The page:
I began pre-primary ballet as a pudgy three and a half-year-old. I resented the lack of grands jetés right from the beginning, seeing Good Toes / Naughty Toes and skipping around with scarves as close to unbearably childish. It wasn’t until about Grade 3, when ballet shoes with ribbons made their appearance, that I finally felt like a dancer.
I did up to three sessions a week until I was about 15. Competitions, exams, shows; the lot. On Saturdays I did four classes: tap, ballet, modern and lyrical or drama. That’s a whole lot of training for the body and the mind – to be graceful and centred; to hold oneself softly but with a rigid core; to obey commands and push to the next level for the joy of it. And to avoid being cruelly humiliated in front of everyone. Lots of tears in those classes, though I don’t think I ever suffered too badly.
I was never there to mess around. I hated most of the other girls with a burning passion; they were usually privately-educated and snottily privileged. My mother likes to quote one particular ballet mum: “The children were making such a noise, running up the back stairs and down the front stairs, around the swimming pool and out into the orchard” or similar. The other girls had special cases for their many competition routine cassettes, and leotards with the very latest strap design from Freed. Then there was us, sewing elastic on my ballet shoes in the car park.
I didn’t fit in. When the kids like me started to get bored and leave, I was left alone with these lacrosse-playing monsters. Sitting by myself in backstage dressing rooms, reading during breaks in classes. But I kept going because I adored how dancing made me feel; I adored being good at something that didn’t feel like work to me.
Of course, it couldn’t last. Getting up for a 9am class on a Saturday with a bunch of girls you hate gets wearing. By 14, I was wishing my Saturdays away on kissing at the skatepark. I started to avoid going if I could help it. I don’t remember the final decision, which is odd. Clearly my mam didn’t make a big deal out of it – that could have been something to do with the fees though.
I’d slowed right down behind the Career Dancers, limping into Grade 8 years after the minimum age requirement. Towards the end I had no interest in passing any more grades, which is sad because I could have just got that last certificate in the set. But the preparation that goes into taking an exam was just too much by then. I had other things to think about and surviving secondary school was about all I could manage.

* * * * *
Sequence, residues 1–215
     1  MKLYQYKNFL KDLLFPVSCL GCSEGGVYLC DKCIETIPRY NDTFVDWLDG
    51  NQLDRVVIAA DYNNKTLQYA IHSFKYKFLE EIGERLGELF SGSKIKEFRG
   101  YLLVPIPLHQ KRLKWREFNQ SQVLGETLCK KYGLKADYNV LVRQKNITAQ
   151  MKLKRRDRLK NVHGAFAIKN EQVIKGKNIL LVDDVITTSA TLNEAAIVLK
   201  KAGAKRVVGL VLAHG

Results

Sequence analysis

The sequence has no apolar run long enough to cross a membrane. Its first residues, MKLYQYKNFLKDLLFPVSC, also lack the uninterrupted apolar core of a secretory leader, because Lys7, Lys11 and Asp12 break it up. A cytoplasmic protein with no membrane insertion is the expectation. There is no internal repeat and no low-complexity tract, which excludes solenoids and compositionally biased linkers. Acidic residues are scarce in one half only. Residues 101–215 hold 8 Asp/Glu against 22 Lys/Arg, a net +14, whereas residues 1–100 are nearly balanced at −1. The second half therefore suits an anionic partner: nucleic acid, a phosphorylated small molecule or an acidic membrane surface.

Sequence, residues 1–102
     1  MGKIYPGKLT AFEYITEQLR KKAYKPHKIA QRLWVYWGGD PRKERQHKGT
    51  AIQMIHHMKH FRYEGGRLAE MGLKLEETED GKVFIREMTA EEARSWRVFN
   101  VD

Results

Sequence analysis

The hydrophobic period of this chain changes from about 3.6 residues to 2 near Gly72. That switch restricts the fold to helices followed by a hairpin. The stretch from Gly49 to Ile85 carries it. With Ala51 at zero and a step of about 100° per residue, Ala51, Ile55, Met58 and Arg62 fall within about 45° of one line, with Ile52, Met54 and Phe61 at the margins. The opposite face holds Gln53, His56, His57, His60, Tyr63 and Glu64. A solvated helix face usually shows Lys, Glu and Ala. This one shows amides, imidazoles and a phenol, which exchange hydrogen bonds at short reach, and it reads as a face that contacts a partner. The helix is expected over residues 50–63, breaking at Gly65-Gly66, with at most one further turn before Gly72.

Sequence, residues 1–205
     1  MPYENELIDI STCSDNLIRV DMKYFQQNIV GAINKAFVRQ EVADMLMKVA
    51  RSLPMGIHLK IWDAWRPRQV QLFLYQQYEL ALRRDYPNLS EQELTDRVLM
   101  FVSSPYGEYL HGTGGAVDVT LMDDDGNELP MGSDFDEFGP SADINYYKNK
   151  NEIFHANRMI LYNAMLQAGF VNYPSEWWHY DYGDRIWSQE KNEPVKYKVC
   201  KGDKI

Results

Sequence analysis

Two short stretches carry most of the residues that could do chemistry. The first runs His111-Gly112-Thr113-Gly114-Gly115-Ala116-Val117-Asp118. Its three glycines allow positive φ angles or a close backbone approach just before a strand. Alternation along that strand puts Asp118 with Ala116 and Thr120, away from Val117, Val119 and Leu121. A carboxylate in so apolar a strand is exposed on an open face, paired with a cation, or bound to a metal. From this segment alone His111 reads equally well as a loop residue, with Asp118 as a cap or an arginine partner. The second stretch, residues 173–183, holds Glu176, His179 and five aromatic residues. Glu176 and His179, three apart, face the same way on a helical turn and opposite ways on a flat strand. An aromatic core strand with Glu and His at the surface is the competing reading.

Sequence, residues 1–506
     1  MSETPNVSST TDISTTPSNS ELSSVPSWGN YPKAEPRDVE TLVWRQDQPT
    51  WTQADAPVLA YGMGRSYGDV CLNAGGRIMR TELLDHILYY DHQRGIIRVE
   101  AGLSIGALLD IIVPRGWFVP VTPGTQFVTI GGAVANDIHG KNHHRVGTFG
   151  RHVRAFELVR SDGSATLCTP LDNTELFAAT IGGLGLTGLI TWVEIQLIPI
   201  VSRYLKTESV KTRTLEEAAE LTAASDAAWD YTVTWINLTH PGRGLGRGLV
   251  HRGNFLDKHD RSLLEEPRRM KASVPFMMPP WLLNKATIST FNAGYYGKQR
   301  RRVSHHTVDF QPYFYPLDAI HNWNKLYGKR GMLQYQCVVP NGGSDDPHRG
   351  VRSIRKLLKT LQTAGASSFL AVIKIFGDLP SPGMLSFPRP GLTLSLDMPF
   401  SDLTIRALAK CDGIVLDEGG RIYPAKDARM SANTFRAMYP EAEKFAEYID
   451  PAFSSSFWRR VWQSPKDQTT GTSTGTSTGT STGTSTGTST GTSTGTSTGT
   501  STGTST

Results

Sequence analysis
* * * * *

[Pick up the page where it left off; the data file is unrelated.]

All this is just preamble – I started ballet again last weekend. Not a class, which is what I was after but could never find at an hour suitable for someone with an actual job. Nope: alone in my living room, guided by a perky blonde instructor on YouTube. And you know what? It was just the best. It hurt and my lack of flexibility was dismaying; but I can still dance. My body remembers how to do these things and it makes my heart leap.
I said a lot of swears at Perky Blonde but I also smiled and laughed with happiness. I did one 30-minute ballet cardio workout, and was sweating my tits off. I cooled down, then decided I needed another hit. 30 minutes of floor work. Then, guess what? 50 minutes at the barre.
I can’t describe how amazing it was to be back in the predictable rigour of pliés and tendues. I’m so pleased I got off my arse and just did it. I’ll be doing it every Saturday from now on and I know it will have a huge effect on my life. Combined with our walks (16 miles last time, due to getting lost), and being more aware of what I’m putting in and on my body, I already feel happier, healthier and more alert.
I even bought organic tunnels for my ear today. They’re ebony Omerica Organic Flatties and I think I may finally be grown-up (sober) enough to justify the price by not losing them in the first week. If you have stretched ears, go check out their range – I’ve never seen such beautiful plugs.
That’s siphoned off some excess thought for today, thanks for your attention.
And mama – you were the best ballet mum there.